Quick-hitting snowstorm could further tighten Denver freight market (with forecast video)

Tractor-trailer on a very snowy highway.

A quick-hitting storm will move through the Denver area today and tonight. At this time, Denver is a freight market with high volumes, elevated rejection rates and tight capacity. The storm could make things a little worse.

SONAR Critical Events and radar: Friday, Mar. 27, 2020, 10 a.m. EDT; Rockies/north-central U.S snow storm

Setup and snowfall amounts

A fast moving spring storm will move through Colorado today and tonight. Snow will begin over the northern mountains and foothills this morning. Rain will spread eastward across eastern

Colorado this afternoon and evening. Rain will change to snow late this afternoon and this evening across the lower elevations. In addition, strong winds from the north will produce areas of blowing snow across eastern Colorado.

Snowfall totals of 3 to 6 inches are likely for places such as Limon, Castle Rock, while Cameron Pass and Rocky Mountain National Park could get up to 10 inches.

Heavy snowfall and gusty winds will also hit western Nebraska tonight, as well as southern Wyoming, which is part of the Denver market. Drivers may run into potential roadblocks and delays on I-25, I-70, I76 and I-80 across the impact zone.

The storm will then track through other areas of Nebraska, along with parts of South Dakota, Minnesota, northern Wisconsin and upper Michigan Saturday through Sunday. Look for snowfall accumulations of 3 to 6 inches with locally higher amounts possible. Winds will remain gusty, between 30 and 40 mph in some areas.

Impact on freight

FreightWaves SONAR data indicate elevated outbound tender volumes (OTVI.DEN) in the Denver market – the 20th-highest in the nation. The national OTVI has a base value of 10,000 based on trucking volumes on March 1, 2018. The index moves in proportion to the total observable outbound tender volume among the 135 freight markets nationwide.

Outbound tender rejection rates (OTRI.DEN) are also high, around 30%. In terms of percentage ranges for demarcating a tight, balanced or loose market, here’s the rule of thumb – a loose market is defined by tender rejections in the low- to mid-single-digit range, a balanced market by tender rejections in the high single digits, and a tight market by tender rejections above 10%.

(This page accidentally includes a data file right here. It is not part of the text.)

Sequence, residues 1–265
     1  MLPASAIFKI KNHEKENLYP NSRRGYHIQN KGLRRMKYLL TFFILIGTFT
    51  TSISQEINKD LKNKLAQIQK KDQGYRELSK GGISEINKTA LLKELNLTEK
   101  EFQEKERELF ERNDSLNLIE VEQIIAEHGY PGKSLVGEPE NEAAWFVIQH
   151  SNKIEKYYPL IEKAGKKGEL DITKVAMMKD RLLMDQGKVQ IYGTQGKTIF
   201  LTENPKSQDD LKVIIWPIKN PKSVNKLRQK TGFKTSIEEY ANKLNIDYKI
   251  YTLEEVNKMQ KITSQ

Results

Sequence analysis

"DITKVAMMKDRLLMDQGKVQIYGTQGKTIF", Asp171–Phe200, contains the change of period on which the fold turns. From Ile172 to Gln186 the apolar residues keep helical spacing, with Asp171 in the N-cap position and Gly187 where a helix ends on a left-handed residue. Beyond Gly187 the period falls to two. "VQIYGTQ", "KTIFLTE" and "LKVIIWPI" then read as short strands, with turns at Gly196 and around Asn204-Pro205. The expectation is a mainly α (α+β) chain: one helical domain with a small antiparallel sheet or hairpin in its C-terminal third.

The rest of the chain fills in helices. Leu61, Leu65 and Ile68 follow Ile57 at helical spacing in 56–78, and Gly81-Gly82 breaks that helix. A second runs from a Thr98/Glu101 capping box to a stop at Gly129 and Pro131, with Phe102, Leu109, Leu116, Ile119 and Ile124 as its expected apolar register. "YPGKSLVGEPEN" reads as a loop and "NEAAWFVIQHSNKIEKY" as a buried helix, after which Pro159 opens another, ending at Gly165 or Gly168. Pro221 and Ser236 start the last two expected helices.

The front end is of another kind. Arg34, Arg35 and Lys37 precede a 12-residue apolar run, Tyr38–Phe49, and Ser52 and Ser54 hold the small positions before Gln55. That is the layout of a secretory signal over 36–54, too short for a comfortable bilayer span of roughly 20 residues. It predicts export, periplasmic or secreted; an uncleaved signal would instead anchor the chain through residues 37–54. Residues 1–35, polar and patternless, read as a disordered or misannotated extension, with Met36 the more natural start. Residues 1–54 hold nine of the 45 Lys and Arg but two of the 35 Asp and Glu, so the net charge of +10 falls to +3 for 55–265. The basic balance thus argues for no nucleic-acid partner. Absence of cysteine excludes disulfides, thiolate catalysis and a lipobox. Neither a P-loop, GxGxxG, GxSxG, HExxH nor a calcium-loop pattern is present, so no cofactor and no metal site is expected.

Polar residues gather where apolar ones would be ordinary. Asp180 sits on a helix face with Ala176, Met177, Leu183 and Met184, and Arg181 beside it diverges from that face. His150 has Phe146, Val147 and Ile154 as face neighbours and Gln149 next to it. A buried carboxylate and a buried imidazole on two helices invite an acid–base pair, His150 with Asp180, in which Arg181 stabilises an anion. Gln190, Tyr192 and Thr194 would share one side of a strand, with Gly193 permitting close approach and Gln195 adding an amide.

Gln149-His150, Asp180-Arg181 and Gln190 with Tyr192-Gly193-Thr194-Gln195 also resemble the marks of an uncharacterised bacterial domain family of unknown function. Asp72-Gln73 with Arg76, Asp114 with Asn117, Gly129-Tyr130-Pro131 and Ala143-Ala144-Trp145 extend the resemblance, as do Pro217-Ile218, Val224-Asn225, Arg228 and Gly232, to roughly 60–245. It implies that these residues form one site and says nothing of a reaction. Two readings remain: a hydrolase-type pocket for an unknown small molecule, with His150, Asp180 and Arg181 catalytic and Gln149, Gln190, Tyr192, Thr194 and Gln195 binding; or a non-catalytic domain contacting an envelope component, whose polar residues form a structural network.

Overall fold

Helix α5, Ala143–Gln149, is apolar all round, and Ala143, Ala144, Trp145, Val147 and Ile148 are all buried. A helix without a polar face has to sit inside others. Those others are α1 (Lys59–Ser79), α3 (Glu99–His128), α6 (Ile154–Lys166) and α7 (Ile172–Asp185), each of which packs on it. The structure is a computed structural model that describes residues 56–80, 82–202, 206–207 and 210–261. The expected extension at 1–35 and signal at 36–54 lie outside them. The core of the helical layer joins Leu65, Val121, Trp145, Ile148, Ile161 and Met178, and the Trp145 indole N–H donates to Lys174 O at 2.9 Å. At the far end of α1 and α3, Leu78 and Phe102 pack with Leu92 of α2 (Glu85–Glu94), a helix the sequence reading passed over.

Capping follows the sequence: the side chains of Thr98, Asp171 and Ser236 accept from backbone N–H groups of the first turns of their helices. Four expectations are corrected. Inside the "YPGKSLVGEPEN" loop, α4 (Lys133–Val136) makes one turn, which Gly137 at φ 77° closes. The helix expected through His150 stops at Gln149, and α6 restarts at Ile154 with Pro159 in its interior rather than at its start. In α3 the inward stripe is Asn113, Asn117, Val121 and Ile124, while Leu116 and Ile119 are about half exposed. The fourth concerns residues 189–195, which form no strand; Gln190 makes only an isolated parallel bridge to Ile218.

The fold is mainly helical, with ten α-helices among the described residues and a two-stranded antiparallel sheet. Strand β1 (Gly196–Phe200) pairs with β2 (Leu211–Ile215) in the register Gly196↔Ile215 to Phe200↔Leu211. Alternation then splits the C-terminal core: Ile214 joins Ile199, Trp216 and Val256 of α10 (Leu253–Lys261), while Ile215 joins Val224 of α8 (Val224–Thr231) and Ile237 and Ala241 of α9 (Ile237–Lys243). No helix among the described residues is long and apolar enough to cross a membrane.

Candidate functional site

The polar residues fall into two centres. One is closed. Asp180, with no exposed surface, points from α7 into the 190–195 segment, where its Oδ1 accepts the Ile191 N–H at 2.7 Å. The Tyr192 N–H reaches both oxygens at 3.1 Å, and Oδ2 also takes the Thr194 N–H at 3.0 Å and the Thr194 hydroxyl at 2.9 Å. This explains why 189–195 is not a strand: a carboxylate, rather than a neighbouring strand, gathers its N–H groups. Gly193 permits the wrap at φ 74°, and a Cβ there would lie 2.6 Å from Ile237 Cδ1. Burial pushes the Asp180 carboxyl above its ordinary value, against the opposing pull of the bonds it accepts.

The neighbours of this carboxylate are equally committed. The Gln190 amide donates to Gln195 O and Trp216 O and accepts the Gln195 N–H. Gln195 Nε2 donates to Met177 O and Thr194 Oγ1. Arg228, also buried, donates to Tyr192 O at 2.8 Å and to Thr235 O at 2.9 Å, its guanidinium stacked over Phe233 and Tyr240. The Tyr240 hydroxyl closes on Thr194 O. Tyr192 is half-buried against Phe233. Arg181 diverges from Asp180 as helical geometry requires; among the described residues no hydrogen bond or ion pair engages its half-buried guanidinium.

The OTVI and OTRI are updated in SONAR every 24 hours.


Tender rejections are the percentage of electronic, contracted loads offered by shippers that carriers turn down. In this case, carriers are rejecting a high amount of freight because they literally may be at full utilization and do not have any excess capacity to take on the loads due to the COVID-19 outbreak. Carriers can’t keep up with the increased demand for shipments of medical supplies and household items. FreightWaves has been tracking national outbound tender rejections since January 2018.

But SONAR can break down tender rejections in several ways, including by length of haul. Rejections rates in Denver are sky high for mid-haul (MOTRI.DEN), tweener-haul (TORTI.DEN) and long-haul (LOTRI.DEN), lanes of 250 to 449 miles, 450 miles to 799 miles, and 800 miles or more, respectively.

However, in the past several days, carriers have been rejecting fewer short-haul loads (SOTRI.DEN) of 100 to 249 miles. So carriers with enough capacity to send drivers to Denver to pick up loads seem to be keeping most of them close to the Mile High City. The developing snowstorm may tighten capacity a bit more in the short-term as some carriers could be reluctant to send drivers into the storm. But since the storm will be in and out of the region in less than 24 hours, impacts will be short-lived.

Severe weekend weather

On the warm side of the snowstorm, thunderstorms on Saturday could produce tornadoes, large hail and severe winds from Des Moines, St. Louis and Memphis to Nashville, Louisville, Indianapolis, Chicago, Milwaukee and Columbus. As of this morning, the Storm Prediction Center (SPC) has placed northern Illinois in the Moderate Risk category. On a scale of one to five, with five being the highest risk, Moderate risk is a three.

Looking Ahead

SONAR Critical Events: Friday, Mar. 27, 2020, 10 a.m. EDT; Pacific Northwest snow storm next week

A series of storm systems will be moving into the Pacific Northwest starting Sunday night, possibly lasting through next Tuesday night, March 31. In the higher elevations of the Cascades in Washington, Oregon and British Columbia, as well as the Olympics in Washington,  look for total snowfall of 12 to 36 inches. Isolated spots of more than 36 inches are possible. This storm could impact the Seattle, Portland and Medford freight markets.

Have a great day! Please stay healthy and be careful out there!